Dogs are serious commitments. Not only will you be stuck with their beautiful, fluffy little faces for the next decade or so, but you’re giving a serious chunk of your time to them on a daily basis. If you’re living a seriously busy life, it can be harder to find the time to give your pup the attention and quality of life they deserve. If you think is a dog on the horizon, keep these time constraints in mind before you commit.
Regular checkups with the vet are essential to check your pup is running like a well-oiled machine, so you have to be at least able to commit to those trips. Then, be sure to add in the odd emergency trip for the time they accidentally-on-purpose decide to snack on a bee, or find their way into the secret chocolate stash. And then there is always the possibility that they might develop a health problem with requires even more regular treatment, which you would need to be able to find time for.
A dog doesn’t come ready trained, and it’s only with time and patience that you can help to mould your dog into the perfect companion. While they’re young, a couple of sessions at around 15 minutes each everyday is essential. And this needs keeping up even as they get older so they don’t get bored or start pushing boundaries.
Unlike cats, dog’s can’t self-groom. You’ll need to brush them anywhere between daily or weekly, depending on the breed, and they’ll need baths, hair trims, nail trims, and ear and eye cleaning. They’ll need de-worming, and to have the best flea and tick treatment administered to keep them healthy and safe. This can take a few hours every week, unless you’re willing to spend the money to outsource it to a professional groomer.
At the very least, dogs need two walks a day of at least 15 to 20 minutes each, although some breeds need far more. If you’re not at home most of the day, finding time to ensure your dog gets an appropriate amount of exercise can be tricky. When they’re under-exercised they get bored and destructive, frustrated and potentially aggressive, and it puts them at increased risk of obesity.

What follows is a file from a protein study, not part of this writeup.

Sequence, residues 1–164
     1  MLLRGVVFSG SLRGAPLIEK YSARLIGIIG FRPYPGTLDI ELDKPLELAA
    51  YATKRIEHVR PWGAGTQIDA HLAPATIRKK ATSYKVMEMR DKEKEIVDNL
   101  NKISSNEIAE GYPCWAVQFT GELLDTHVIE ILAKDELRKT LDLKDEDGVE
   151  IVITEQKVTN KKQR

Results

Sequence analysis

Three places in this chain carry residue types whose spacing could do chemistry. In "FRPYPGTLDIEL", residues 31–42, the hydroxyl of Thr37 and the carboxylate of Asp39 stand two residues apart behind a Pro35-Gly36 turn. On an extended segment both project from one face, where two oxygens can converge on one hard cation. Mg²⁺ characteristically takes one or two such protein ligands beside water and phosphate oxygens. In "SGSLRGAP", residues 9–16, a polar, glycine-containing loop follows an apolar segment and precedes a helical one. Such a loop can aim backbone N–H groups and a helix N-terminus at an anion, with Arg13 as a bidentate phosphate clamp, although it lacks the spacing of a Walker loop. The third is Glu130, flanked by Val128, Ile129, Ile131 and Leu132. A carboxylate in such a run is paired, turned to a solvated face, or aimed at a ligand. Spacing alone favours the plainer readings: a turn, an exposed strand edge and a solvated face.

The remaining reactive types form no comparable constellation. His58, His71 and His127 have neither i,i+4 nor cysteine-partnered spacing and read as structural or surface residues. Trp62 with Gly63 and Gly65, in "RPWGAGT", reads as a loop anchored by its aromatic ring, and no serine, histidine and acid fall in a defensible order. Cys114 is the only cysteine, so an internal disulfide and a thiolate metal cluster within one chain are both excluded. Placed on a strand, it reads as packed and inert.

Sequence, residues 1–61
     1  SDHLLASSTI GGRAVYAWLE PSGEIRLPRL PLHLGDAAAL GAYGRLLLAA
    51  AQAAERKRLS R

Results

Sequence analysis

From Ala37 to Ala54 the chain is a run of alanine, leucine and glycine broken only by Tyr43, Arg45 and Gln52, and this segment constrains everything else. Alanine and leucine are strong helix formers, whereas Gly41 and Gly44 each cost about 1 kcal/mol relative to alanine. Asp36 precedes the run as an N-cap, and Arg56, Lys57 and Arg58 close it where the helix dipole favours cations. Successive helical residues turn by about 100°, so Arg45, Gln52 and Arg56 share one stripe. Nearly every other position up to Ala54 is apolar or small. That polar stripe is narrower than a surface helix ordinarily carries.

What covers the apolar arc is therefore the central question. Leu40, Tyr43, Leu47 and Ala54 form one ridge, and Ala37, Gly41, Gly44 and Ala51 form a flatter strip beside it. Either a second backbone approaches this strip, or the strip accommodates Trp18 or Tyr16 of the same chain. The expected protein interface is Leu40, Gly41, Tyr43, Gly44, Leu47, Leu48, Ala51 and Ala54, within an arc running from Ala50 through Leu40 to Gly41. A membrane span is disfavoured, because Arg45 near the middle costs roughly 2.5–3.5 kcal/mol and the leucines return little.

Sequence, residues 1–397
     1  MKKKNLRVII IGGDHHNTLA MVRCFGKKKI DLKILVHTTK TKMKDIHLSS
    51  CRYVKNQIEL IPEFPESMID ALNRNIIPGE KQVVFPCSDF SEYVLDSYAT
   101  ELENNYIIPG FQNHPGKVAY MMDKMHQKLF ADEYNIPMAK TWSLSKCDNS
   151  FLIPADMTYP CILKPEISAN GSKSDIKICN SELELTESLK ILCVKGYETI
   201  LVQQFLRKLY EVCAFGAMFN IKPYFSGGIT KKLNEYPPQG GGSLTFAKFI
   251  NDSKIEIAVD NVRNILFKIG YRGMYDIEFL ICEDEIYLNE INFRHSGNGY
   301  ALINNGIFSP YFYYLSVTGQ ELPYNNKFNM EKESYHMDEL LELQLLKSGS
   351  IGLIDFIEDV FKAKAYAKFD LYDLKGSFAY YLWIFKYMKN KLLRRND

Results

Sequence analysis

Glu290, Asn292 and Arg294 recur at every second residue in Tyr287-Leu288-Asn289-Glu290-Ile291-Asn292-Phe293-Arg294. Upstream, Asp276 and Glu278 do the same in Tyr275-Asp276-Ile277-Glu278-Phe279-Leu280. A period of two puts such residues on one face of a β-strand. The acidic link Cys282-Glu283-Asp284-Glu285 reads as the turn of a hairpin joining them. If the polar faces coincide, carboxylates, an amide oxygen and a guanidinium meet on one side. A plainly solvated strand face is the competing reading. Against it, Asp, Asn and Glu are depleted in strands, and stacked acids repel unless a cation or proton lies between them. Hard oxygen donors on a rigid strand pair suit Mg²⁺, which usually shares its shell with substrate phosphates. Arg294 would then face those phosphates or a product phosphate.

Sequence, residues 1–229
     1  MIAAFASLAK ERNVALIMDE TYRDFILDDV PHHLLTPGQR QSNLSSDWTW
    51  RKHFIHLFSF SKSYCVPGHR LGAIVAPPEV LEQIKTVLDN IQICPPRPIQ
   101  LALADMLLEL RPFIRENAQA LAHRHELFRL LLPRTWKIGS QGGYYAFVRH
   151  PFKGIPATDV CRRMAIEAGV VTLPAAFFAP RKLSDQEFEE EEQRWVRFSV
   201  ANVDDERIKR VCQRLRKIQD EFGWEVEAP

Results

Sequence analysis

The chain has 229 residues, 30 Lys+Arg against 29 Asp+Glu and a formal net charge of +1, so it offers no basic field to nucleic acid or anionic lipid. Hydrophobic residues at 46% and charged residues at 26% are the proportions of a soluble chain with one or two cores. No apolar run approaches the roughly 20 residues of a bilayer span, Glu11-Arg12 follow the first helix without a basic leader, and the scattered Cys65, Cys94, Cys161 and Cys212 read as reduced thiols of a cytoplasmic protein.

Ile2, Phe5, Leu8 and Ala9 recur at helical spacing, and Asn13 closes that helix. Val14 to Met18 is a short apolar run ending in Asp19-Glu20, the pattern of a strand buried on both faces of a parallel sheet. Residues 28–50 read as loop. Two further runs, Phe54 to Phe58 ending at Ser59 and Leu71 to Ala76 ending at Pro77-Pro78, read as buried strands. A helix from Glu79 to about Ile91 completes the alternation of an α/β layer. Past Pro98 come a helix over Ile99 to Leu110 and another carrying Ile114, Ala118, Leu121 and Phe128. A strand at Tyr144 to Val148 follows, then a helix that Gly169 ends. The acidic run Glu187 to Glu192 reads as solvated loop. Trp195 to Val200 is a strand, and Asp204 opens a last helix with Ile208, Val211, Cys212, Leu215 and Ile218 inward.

Dogs learn and socialise by playing. While it’s great for them to see other pups at the dog park, they also need to play with their humans – it’s even a great way to train them to respect you while you play. If you don’t have time to play, they’ll become bored and destructive, and your home will bear the brunt.
A dog needs love and affection. When you’re not around they can get seriously lonely – they are pack animals after all. So if you plan on leaving them crated for eight or nine hours while you’re at work, you should probably reconsider. They need company and cuddles in order to be happy.
Dogs aren’t just for cuddling in the evening when you get home from work, they need care day in, day out, and there’s a lot to do. If you don’t think you currently have time to give them the love they deserve, why not leave it a few years, and volunteer with a shelter in the meantime to get your cuddle fix?